Crohn’s disease diagnosis and treatment


How is Crohn’s disease diagnosed?

Crohn’s disease cannot be identified by any single test. The physician will start identifying the condition by eliminating possible causes for the symptoms.

Your doctor can use various tests in order to establish an assessment:

The results of blood tests can aid your doctor in looking for specific indicators of possible problems, including inflammation and anemia.

Crohn's Disease diagnosis

Crohn’s Disease diagnosis (Image Courtesy-OpenClipart-Vectors from Pixabay)

A stool test can help your doctor to identify blood in your GI tract.

The doctor might recommend an endoscopy in order to obtain more detailed images of the internal lining of your digestive tract.

Your doctor might suggest an examination of the colon to determine your large bowel.

Imaging tests such as CT scans as well as MRI scans provide your doctor with more information than the standard X-ray. Both of these tests enable your doctor to examine particular areas of your tissue and organs.

The doctor is likely to take the tissue sample, also known as a biopsy that is taken during an endoscopy or colonoscopy to get an examination of the tissue of your intestinal tract.

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After your doctor has finished taking all the tests required and has ruled out any other causes for the symptoms, they might determine that you suffer from Crohn’s disease.

Your physician may decide to have these tests a few times to search for any affected tissues and figure out how fast the disease is spreading.

What is the treatment for Crohn’s disease?

The cure for Crohn’s disease isn’t yet available, however, the condition can be controlled. Many treatments are available to reduce the frequency and severity of your symptoms.

Anti-inflammatory medicines

The two most common types of anti-inflammatory medications doctors prescribe for treating Crohn’s include corticosteroids and oral 5-aminosalicylates. Anti-inflammatory medications are typically the first medication you will take for the treatment of Crohn’s disease.

These drugs are typically taken for mild symptoms but do not often flare. Corticosteroids can be used to treat more severe symptoms but should be used only for a brief period of time.


Doctors believe that antibiotics could assist in reducing certain symptoms of Crohn’s disease and also certain factors that trigger it.

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As an example, antibiotics are able to reduce drainage and treat fistulas which are the abnormal connections between tissue that Crohn’s disease may result in.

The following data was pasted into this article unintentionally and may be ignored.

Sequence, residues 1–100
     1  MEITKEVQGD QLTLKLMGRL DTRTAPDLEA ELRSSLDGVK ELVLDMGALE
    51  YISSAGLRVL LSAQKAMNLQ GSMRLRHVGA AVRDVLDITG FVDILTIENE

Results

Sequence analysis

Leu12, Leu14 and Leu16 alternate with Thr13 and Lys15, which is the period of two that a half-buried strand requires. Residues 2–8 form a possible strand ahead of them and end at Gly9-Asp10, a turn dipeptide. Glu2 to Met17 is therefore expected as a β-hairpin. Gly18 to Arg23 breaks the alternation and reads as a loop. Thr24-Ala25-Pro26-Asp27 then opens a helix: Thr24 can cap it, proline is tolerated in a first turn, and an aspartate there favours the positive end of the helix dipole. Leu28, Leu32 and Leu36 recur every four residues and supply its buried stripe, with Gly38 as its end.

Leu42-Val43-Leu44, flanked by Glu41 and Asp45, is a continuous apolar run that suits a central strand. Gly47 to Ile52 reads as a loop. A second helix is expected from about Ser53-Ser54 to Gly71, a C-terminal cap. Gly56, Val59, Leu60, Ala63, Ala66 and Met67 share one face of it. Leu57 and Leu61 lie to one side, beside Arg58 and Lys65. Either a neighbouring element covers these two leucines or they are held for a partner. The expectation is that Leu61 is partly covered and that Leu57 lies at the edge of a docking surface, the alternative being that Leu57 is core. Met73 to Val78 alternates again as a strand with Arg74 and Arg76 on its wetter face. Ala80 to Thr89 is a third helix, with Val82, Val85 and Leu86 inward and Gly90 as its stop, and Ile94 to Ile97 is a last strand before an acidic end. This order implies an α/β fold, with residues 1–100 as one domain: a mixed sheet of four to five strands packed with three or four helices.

A variety of medications are offered to help treat the condition of Crohn’s. Anti-inflammatory and antidiarrheal drugs are most often used. The most advanced choices are biologics, which rely on the body’s immune system to treat the condition.

The medication or the combination of drugs you take is based on the symptoms you have as well as your medical history and how severe your disease and your response to treatment.


A weakened immune system can trigger inflammation, which can cause Crohn’s-like symptoms. Certain medications that impact the immune system, known as immunomodulators, can decrease the inflammatory response, and also reduce the immune system’s response.

Biologic treatments

If you suffer from severe Crohn’s the doctor can suggest one of the biological treatments to manage the complications and inflammation that may result from the illness. Biologic medicines can block certain proteins that can cause inflammation.


If non-invasive treatments and lifestyle changes do not help your symptoms, surgery could be the best option. The bottom line is that about 75 percent of patients with Crohn’s disease require surgery at some point in their lives, as per the CCFA.

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The various types of surgeries for Crohn’s involve removing affected parts of the digestive tract and reconnecting healthy sections. Other procedures fix damaged tissues, treat scar tissue, or treat infections.


Food does not cause Crohn’s disease but it can trigger the condition.

If you have been diagnosed with Crohn’s disease, your doctor might recommend an appointment with a Registered Dietitian (RD). An RD will assist you in understanding the way food choices can impact your symptoms as well as what your diet can do to help you.

At first, they might request that you record a food journal. The food diary will record the foods you have eaten and how you feel.

With this information, your RD will assist you in creating an eating plan. These changes to your diet should aid in absorbing more nutrients from your food and also limit any adverse side effects that the food you consume may cause.

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